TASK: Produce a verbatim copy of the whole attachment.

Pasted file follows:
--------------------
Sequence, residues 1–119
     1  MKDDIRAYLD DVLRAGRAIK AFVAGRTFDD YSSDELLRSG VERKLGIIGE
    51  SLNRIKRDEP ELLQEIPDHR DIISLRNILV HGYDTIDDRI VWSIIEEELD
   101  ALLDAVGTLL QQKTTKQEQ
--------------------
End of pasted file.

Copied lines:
Sequence, residues 1–119
     1  MKDDIRAYLD DVLRAGRAIK AFVAGRTFDD YSSDELLRSG VERKLGIIGE
    51  SLNRIKRDEP ELLQEIPDHR DIISLRNILV HGYDTIDDRI VWSIIEEELD
   101  ALLDAVGTLL QQKTTKQEQ